A royal expert has said it is “no coincidence” that King Charles III chose to use his first birthday as sovereign to sideline his younger brother Prince Andrew. On Monday, the monarch celebrated his 74th birthday, marking the day by releasing a new official portrait.
But he also approached the Houses of Parliament to propose a change to the 1973 Regency Act, and induct two new Counsellors of State to the monarch’s inner circle.
Counsellors of State can represent the monarch on official business, should they be indisposed or abroad.
King Charles said he would be “most content” to welcome his sister, Princess Anne, and youngest brother, Prince Edward, to the exclusive ranks.
Currently, the monarch has five Counsellors of State, including his wife, Queen Camilla.
Eligibility to be a Counsellor of State follows the line of succession for royals above the age of 21, and includes Prince William, Prince Andrew, Prince Harry and Princess Beatrice.
However, questions had been raised about the suitability of the Duke of York and Duke of Sussex within this group.
Neither are working royals, although they have retained their place in the line of succession.
But the Duke of York was stripped of his ability to use his HRH title by the late Queen earlier this year, as Prince Harry had been following the Duke and Duchess of Sussex’s decision to step back from royal life.
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King Charles’ move, falling on his first birthday as the head of the Royal Family, was widely interpreted as an attempt to ensure the need for the two Dukes to deputise for the monarch never arose.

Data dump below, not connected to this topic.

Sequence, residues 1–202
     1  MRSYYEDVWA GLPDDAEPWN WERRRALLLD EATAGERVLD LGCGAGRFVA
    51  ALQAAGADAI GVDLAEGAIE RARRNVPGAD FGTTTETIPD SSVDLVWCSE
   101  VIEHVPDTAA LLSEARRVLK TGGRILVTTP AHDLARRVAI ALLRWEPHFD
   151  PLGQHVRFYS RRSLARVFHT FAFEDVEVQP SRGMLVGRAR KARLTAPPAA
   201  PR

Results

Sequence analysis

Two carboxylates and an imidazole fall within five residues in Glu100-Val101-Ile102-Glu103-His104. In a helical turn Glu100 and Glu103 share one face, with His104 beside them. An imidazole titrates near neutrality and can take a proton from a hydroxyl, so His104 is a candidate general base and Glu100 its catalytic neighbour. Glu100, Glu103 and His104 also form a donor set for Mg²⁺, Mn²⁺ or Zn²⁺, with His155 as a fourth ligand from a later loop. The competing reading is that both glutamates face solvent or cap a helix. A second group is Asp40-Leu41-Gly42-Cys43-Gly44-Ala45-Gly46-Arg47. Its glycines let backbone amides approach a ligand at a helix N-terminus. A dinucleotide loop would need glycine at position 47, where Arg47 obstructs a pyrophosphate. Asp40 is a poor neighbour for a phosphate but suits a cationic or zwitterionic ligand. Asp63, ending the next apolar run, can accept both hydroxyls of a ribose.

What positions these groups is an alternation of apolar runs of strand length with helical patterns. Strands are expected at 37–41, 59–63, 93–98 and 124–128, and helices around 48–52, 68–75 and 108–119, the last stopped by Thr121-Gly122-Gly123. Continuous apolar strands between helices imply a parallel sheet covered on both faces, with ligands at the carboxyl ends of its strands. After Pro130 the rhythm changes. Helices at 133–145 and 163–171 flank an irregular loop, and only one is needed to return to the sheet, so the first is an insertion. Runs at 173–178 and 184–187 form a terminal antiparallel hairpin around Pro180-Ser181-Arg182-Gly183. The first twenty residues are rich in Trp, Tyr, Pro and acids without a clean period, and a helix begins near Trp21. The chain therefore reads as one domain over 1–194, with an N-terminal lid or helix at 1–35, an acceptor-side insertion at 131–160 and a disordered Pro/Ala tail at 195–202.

But announcing the legislative proposal as the sovereign turned 74 was “no coincidence at all”, according to royal expert Richard Fitzwilliams, adding it started the process of a “necessary change” for the senior royal ranks.
He described the news as an indicator that both the King and the heir to the throne are “absolute” on the issue, and the timing “says it all”.
He told The Mirror: “This is a very good example of King Charles making an extremely sensible necessary decision, very early in his reign and the fact it’s announced on his birthday is no accident.
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“The news breaking on his birthday says it all.”
Mr Fitzwilliams pointed to the Duke of York’s poor approval ratings among the public, which he said had left the monarchy in a precarious position.
He added: “Since Andrew is in disgrace and that is most unlikely to change, the situation had been perilous.”
He continued: “Public opinion is solidly against Andrew and there is absolutely no chance according to all reports.
“The King is absolute on the issue and so is Prince William. That is that.”
The proposal, read to both the House of Lords and the Commons earlier this week, would not remove the two Dukes from their positions, but rather offer further alternatives for those who can deputise for the monarch.
The King said in a statement he believed the change wouild “ensure continued efficiency of public business when I’m unavailable”.